- Homestead, Exempt Property and Family Allowance. An amendment to Section 102.004 of the Estates Code clarifies that the homestead of a decedent is not liable for the payment of the estate’s debts (other than mortgage debt or taxes due on the homestead) if the decedent was survived by a spouse or a minor child. Previously there was confusion about whether an unmarried adult child entitled the estate to homestead exemption or if the spouse or minor child had to be occupying the homestead in order for the exemption to arise. Now it is clear that an unmarried adult child does not trigger homestead exemption and that the exemption is not dependent upon the occupancy of the surviving spouse or minor child. The allowance in lieu of a homestead was raised from $15,000 to $45,000 and the allowance in lieu of other exempt property was increased from $5,000 to $30,000. Tex. Est. Code Sec. 353.053. In 2011, the family allowance was extended to the decedent’s adult incapacitated child. This session the Legislature clarified that the family allowance for an adult incapacitated child is not made if, at the time of the decedent’s death, the decedent was not supporting the adult incapacitated child. Tex. Est. Code Sec. 353.101(d)(3).
- Heirship Proceedings. An heirship proceeding may be brought at any time after the decedent’s death. There is no four-year limitations period as in the case of probating a will. Tex. Est. Code Sec. 202.0025. Among other possible applicants, any creditor may bring an heirship proceeding, not just a secured creditor. Tex. Est. Code Sec. 202.004. An attorney ad litem representing the interests of heirs whose names or locations are unknown is required (see the discussion of ad litems above). The applicant for an heirship is required to file an affidavit of service of citation before the court may act on the application. Tex. Est. Code Sec. 202.057. Testimony in an heirship proceeding must be taken in open court or by deposition, and the court may require it to be reduced to writing. Tex. Est. Code Sec. 202.151.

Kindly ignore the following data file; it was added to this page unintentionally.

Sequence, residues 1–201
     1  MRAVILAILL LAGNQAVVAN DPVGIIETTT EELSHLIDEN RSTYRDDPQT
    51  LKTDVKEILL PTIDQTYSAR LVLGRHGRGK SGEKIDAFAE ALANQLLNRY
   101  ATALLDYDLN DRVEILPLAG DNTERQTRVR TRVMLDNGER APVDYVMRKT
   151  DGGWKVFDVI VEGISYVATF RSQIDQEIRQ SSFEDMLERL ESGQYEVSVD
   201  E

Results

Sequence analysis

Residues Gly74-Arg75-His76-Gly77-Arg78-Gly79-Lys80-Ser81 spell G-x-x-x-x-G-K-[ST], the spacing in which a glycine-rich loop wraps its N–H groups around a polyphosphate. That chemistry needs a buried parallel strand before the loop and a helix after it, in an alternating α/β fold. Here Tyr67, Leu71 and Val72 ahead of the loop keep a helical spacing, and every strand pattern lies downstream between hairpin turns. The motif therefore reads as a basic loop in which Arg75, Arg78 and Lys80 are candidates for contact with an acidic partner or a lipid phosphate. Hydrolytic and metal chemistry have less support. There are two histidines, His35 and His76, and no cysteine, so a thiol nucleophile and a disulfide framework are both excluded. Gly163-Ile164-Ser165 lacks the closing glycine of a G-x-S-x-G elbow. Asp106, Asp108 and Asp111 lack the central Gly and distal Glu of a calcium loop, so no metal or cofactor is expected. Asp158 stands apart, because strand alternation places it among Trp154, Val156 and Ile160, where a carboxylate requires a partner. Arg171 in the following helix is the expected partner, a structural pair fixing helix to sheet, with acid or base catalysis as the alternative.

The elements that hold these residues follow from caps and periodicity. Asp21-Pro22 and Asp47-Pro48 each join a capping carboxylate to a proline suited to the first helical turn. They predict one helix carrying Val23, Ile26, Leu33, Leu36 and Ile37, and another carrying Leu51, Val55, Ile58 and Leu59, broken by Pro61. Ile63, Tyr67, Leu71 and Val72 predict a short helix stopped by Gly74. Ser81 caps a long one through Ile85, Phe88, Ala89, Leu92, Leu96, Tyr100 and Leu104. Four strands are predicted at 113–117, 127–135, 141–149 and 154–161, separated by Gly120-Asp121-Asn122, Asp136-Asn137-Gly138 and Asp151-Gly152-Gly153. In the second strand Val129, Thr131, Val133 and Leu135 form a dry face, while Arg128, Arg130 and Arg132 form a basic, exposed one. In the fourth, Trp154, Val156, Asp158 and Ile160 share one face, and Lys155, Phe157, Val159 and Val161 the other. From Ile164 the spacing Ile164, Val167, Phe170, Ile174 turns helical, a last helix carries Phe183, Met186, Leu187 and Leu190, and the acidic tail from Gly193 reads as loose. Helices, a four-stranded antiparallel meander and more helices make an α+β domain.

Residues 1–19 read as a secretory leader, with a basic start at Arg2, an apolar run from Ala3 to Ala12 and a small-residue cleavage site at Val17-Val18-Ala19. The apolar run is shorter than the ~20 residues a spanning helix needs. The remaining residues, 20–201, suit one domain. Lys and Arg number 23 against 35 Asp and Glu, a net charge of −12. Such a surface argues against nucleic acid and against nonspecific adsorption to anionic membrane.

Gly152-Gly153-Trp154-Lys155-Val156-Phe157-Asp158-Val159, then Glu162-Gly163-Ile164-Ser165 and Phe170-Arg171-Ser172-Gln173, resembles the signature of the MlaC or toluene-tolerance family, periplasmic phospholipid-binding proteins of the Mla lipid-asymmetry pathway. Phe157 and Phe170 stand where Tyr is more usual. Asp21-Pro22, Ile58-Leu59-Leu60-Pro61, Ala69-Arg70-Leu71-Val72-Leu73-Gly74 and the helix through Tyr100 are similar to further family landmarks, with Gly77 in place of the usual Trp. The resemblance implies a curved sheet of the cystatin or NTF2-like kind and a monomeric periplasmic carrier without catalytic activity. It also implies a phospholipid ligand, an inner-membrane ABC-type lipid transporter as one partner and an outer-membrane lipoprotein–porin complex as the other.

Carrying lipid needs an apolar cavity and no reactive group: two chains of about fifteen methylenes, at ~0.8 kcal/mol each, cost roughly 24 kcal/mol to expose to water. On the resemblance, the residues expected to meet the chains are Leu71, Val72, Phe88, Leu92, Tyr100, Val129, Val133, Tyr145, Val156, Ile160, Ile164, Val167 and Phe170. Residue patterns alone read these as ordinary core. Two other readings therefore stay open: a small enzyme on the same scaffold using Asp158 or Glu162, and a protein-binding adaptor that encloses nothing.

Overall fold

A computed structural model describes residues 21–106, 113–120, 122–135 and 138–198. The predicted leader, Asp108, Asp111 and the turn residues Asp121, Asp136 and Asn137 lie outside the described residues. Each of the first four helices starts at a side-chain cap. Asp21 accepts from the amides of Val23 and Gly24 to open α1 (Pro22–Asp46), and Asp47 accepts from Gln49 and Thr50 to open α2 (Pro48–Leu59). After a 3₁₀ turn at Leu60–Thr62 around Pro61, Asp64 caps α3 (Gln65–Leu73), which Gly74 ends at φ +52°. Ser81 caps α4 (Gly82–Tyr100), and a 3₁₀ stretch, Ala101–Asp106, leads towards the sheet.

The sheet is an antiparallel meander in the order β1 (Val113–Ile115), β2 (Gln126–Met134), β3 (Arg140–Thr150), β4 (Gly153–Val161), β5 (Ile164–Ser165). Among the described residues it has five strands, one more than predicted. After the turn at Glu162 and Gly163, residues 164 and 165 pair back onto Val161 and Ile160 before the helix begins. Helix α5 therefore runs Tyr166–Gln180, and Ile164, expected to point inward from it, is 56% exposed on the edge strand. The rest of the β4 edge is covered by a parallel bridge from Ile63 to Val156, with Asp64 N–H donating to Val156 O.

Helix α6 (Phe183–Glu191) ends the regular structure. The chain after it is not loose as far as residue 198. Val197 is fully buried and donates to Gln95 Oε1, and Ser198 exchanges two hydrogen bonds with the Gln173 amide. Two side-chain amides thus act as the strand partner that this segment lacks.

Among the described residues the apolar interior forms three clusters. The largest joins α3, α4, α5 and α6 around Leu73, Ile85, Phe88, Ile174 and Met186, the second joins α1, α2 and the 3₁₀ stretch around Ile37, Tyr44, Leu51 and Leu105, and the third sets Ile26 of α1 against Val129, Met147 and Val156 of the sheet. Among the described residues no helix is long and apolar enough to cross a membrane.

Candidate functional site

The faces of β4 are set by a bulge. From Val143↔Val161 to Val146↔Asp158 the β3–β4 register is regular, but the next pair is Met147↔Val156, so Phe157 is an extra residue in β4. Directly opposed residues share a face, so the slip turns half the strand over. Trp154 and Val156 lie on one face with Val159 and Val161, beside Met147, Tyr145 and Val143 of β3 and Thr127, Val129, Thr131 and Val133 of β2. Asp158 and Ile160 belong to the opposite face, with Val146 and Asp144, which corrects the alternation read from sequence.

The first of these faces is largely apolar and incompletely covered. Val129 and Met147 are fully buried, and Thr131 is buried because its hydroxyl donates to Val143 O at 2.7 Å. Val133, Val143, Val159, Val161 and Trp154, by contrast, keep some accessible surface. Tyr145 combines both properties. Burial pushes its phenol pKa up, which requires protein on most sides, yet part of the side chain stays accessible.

- Section 294(d) Notices (now Section 308.054 Notices). The deadline for responding to a permissive notice to an unsecured creditor has changed from “within four months” to “before the 121st day.” Tex. Est. Code Sec. 308.054(b). This is a big deal because the form of the notice must contain the 121st day language in order to be effective.
- Accounting and Distribution by Independent Executor. There was some question under prior law if Section 149B(b) required the court to order property incapable of division to be sold or if the court could order distribution of the property in undivided interests. The successor to Section 149B (Estates Code Section 405.001(b)) was amended to make it clear that the court may choose to order the sale of property incapable of division or to order it distributed in undivided interests.
- Disclaimers by Child Support Obligors. A disclaimer now must state that the disclaimant is not a child support obligor, or if he or she is a child support obligor, that he or she owes no child support arrearages. Tex. Est. Code Sec. 122.107. If the disclaimant owes child support arrearages, the disclaimer is not effective to avoid that obligation.
- Public Probate Administrators. With a county commissioners’ court approval (and, therefore, with county funding), a statutory probate judge may appoint a “public probate administrator” who has various rights, duties and standing. Chapter 455 of the Estates Code.
Glenn Karisch | Comments Off |